Sunday, August 8, 2010

DORCHESTER: Is It Really A Surprise?


The news has broken that Dorchester will be going 100% to an ebook/print on demand model with trade paperbacks when printed books are ordered, starting September, 2010. It’s sent shockwaves through out the industry.



What's interesting in this Dorchester brouhaha is it's not unexpected, really. I’ve been observing the effect of Print On Demand and e-books on the publishing field the last three years. Some of you may remember I was the marketing/promotion director of a small indie press with a lot of potential, which sadly it didn’t live up to and so we parted ways. I knew the potential impact of Print On Demand technology and e-books on the traditional publishers' business (toner-based/offset printing vs digital). For them to survive they would have to look at this new technology and create their own business platform around it.



If you've been carefully watching, most of the big publishers have been busy behind the scenes shoring up e-pub business platform (which represents a little less than 3% of the US book market with with toner-based/digital claiming 6%, according to Forbes).  All are securing that part of the business. They’ve created minor scandals with authors’ e-book rights. Publishers are first and foremost big business. They’re in it for the money. They’ve seen the handwriting on the wall. Fact is Print On Demand is a more viable business platform than traditional toner/offset.  

Even if they contract with a print on demand company, publishers will save money by filling an order with trade paperbacks for bookstore A and another amount for bookstore B without costly warehousing and will dramatically cut the cost of returns. Backlists will be more easily accessible too.


Out of print?  Not with digital unless the publisher wants to retire a book. If they’re smart, publishers will be signing new contracts with e-format releases and trade paperbacks after an author proves themselves as a moneymaker or they will start some debut authors out in e-format first and if they make their money back they will release those books to print, but I doubt it will be mass paperback, for long.


Most of the publishers are doing a percentage of trade paperbacks as it is. If they use a trade paperback format at all, you can bet they're considering POD/trade paperbacks in long run. All I can say is regardless of your publisher make sure your agents are using a fine toothcomb when it comes to your digital rights. It has to have profit benefits for the author as well as the publisher. I think agents are becoming savvier in the area of e-formats, if the agent blogs I’ve been reading are an indication.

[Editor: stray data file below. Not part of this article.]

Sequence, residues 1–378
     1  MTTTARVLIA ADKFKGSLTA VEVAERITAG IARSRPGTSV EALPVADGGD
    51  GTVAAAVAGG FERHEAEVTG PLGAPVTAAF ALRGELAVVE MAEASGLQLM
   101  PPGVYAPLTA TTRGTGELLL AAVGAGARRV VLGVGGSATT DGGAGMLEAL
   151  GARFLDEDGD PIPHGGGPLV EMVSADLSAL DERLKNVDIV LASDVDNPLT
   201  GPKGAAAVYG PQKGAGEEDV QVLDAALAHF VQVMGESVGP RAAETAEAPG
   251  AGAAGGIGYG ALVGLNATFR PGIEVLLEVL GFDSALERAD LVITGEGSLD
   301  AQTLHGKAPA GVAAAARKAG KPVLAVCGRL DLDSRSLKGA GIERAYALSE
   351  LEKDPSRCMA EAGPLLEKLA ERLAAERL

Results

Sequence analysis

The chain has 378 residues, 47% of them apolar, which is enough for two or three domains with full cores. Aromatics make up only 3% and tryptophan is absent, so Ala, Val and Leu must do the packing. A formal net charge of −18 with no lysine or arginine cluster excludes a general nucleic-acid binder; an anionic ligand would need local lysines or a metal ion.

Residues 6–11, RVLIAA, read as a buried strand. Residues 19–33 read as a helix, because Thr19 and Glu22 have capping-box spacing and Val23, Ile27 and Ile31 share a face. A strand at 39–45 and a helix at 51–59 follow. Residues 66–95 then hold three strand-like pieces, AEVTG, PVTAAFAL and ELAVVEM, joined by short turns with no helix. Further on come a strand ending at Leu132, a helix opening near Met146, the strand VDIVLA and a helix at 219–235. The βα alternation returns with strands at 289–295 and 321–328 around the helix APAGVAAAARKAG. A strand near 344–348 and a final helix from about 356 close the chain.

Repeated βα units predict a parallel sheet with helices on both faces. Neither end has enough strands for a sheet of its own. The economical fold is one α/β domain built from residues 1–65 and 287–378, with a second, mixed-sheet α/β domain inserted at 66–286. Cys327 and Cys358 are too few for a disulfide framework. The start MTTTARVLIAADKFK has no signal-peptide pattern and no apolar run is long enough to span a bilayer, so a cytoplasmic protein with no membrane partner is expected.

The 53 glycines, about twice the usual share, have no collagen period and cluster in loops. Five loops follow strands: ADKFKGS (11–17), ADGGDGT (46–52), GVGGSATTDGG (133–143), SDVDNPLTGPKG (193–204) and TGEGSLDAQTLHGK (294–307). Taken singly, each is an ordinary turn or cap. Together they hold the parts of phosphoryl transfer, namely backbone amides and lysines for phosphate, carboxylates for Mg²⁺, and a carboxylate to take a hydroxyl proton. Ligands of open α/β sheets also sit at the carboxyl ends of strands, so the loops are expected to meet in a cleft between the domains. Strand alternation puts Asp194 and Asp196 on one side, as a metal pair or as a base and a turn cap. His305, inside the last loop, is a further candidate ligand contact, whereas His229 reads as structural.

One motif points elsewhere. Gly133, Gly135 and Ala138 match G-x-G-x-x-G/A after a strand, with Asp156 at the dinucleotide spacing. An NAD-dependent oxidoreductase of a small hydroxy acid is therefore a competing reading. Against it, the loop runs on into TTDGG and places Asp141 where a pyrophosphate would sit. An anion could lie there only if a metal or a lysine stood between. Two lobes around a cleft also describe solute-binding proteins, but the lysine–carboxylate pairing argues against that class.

I also think the big publishers have looked long and hard at companies like Samhain who uses POD technology and puts out the print version, for those who order it, in trade paperback. Samhain has a staff of editors, has guideline standards for submissions, and has access to art professionals to turn out outstanding book covers. They don't publish any old thing submitted. E-books are not vanity press. I'm afraid many people associate trade paperbacks with vanity or very small publishers that don't have staffs in insure the quality of their product.


Australia has used trade paperback format for years rather than mass paperback format. When their books make here, they convert it to mass. Several Aussie authors told me about that. I didn't know before then.


What does it mean for writers looking to be published in the next few years? Royalty/advance changes. Tighter standards for POD technology books even in e-book or trade paperback. Bigger houses will still have the advantage. They have a long standing reputation and the name to make the transition to POD profitable. But their standards will be just high as they are now. They have to demonstrate quality and profit and I think they will. Bottom line is, regardless of the format they're presented, in content books are books. Authors are still authors and will still have to be paid for their work. That isn't going to change.

What about promotion of e-books and digital vs mass market print? Word-of-mouth has always been the best way to sell a book--and the Web represents the best word-of-mouth medium.  There will be countless opportunities for books to get viral publicity on Blogs, social networks, and YouTube.


My personal opinion, as most of this is, based on assimilation of what I’ve read over the last few years, print books aren’t going to disappear in the next decade, maybe not in the next twenty. I do believe the method of creating and delivering those books will change. A lot.


I don't like the manner Dorchester used to announce their decision. That wasn't kosher. In this transition period authors should have been warned and given options. But of course Dorchester will have factored in the future revenues based on those signed contracts over the next two years and perhaps they didn’t want to lose it. That's speculation on my part. I know from reading several sources, Dorchester is hoping to keep it's recently signed authors.